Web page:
Your Kids Have Probably Seen Porn, And You Need To Talk To Them About It

Your Kids Have Probably Seen Porn, And You Need To Talk To Them About It

Although research determined teenage pornography use to be 'normative' as far back as 2007, pandemic lockdowns may have made an already bad situation worse.
Daniel Weiss
By

It may be years before we regain a sense of normalcy after the COVID-19 pandemic, but one of the hidden tragedies of the last 16 months is how extended lockdowns affected children, particularly through an increase in online sexual exploitation.

In April 2020, the National Center for Missing and Exploited Children received 4.2 million reports of sexual exploitation, online enticement, child sex abuse materials (or “CSAM”), and unsolicited pornography sent to a child. This represented an increase of 2 million reports from the same month in 2019 and 2 million more than in 2018.

Throughout 2020, NCMEC registered a 98 percent increase in reports for online sexual enticement of children. Similar spikes in online exploitation were reported in Scotland, Australia, India, and several other countries.

NCMEC Vice President John Sheehan attributes this increase to the COVID-19 lockdowns, telling Forbes that with millions of kids at home and online all day, “There’s just more instances for predators to take advantage of these opportunities.” One such pornography website, PornHub, which has come under increasing pressure for hosting CSAM on its platforms, reported a global surge of visitors from late February to March last year as the lockdowns began.

No one knows for sure how many of these visitors were minors, but research consistently finds that children under the age of 18 are among the most frequent users of porn. A 2016 Barna report found that 37 percent of teens aged 13-17 seek out pornography at least once or twice monthly and 49 percent stumble across it each month. These numbers are roughly the same as for the population as a whole (33 percent and 52 percent respectively).

Although research has determined pornography use among teens to be “normative” as far back as 2007, the challenges of the past year may have made an already bad situation worse. Instead of enjoying the safety and comfort of a loving home and a nurturing school environment, most kids spent the past year grappling with the fear of an unknown virus combined with lockdown-mandated loneliness. Those turning to porn for comfort or entertainment inadvertently traveled further down the rabbit hole of pornography’s vast harms.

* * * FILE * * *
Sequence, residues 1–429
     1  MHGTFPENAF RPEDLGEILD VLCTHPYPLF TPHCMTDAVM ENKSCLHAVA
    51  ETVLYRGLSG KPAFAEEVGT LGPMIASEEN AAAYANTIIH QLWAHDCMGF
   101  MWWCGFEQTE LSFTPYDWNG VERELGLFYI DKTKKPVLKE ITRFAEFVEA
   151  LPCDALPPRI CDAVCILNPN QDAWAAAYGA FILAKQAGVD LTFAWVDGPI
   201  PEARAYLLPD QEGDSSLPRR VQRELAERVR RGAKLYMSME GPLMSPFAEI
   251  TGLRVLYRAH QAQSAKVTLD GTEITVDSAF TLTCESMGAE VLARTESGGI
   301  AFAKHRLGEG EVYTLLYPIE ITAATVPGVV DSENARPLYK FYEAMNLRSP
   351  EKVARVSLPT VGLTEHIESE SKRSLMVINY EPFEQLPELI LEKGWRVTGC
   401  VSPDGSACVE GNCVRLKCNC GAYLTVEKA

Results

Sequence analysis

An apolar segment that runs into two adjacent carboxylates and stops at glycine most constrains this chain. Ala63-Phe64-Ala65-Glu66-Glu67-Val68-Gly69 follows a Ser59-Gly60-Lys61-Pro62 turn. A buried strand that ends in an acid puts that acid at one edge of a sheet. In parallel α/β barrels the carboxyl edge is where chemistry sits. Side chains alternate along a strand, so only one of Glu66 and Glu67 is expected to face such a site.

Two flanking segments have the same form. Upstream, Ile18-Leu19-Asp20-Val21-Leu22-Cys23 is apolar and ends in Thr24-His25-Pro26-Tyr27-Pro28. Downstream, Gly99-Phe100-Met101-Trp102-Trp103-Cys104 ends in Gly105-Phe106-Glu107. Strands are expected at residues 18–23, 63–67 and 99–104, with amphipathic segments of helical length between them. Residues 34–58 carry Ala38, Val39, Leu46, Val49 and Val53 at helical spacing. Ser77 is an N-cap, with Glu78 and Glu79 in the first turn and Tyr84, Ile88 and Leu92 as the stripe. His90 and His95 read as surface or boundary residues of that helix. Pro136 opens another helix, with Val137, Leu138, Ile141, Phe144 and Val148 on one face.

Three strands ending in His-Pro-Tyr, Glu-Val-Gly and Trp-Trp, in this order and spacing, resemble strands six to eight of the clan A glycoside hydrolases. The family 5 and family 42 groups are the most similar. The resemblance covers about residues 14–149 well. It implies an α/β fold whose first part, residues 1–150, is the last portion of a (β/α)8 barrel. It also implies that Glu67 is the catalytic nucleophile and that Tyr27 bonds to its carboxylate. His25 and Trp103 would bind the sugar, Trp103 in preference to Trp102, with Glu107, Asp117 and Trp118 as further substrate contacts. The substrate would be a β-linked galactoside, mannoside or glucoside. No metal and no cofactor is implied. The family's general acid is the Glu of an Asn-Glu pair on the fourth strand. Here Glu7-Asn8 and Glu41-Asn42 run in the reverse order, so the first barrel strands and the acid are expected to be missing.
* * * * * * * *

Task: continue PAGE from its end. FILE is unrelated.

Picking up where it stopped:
In a meta-analysis published in the journal Sexual Addiction and Compulsivity, Dr. Jill Manning detailed the harms of pornography for a young mind, including believing that promiscuity is normal; thinking that not having sex is unhealthy; objectifying others and viewing sex as a commodity; believing that sexual activity like group sex or sadomasochism is common; and normalizing dangerous sexual behavior, like bestiality or sex with children.

That last point brings the tragedy full circle. Exposure to pornography is often used to groom child victims, and online enticement of children almost always involves sending them sexually explicit content to break down their inhibitions. A culture cannot hope to eradicate sexual abuse, exploitation, and human trafficking while feeding its youth a steady diet of sexually violent pornography.

The saddest part of this is that children are largely navigating these dangers alone. The Crimes Against Children Research Center found that of the online exploitation children reported to researchers, only 12 percent of incidents were reported to parents or guardians.

Sheehan admitted the rise in the reporting of online exploitation could be partly attributed to greater parental awareness during the lockdowns, but this impact seems to be minimal. Of the 21.7 million reports received by NCMEC in 2020, only 1.4 percent came from the public.

Research has shown a vast disconnect between what parents believe their children’s online behavior to be versus the actual stark, and often harrowing, truth. A 2016 Indiana University study found half as many parents thought their 14 to 18-year-olds had seen porn as had watched it in reality. A 2019 BBC study found that three-quarters (75 percent) of parents felt that their children had not seen pornography online, but half (53 percent) of the kids in those families said they had.

The reasons for this disconnect are many, but pornography use is often accompanied by shame and isolation. The topic is uncomfortable for parents and kids alike. Too few homes have built up the trust and open communication that would help kids open up about what they are experiencing.

Online sexual exploitation of kids is a serious social issue that is only getting worse. We are far past the time when parents can stay silent and hope for the best. The “best” that kids need right now are parents willing to talk with them openly and compassionately about online dangers and walk boldly with them through the difficult journey of adolescence in a pornographic society.

Daniel Weiss is the executive director of the Sexual Integrity Leadership Summit.

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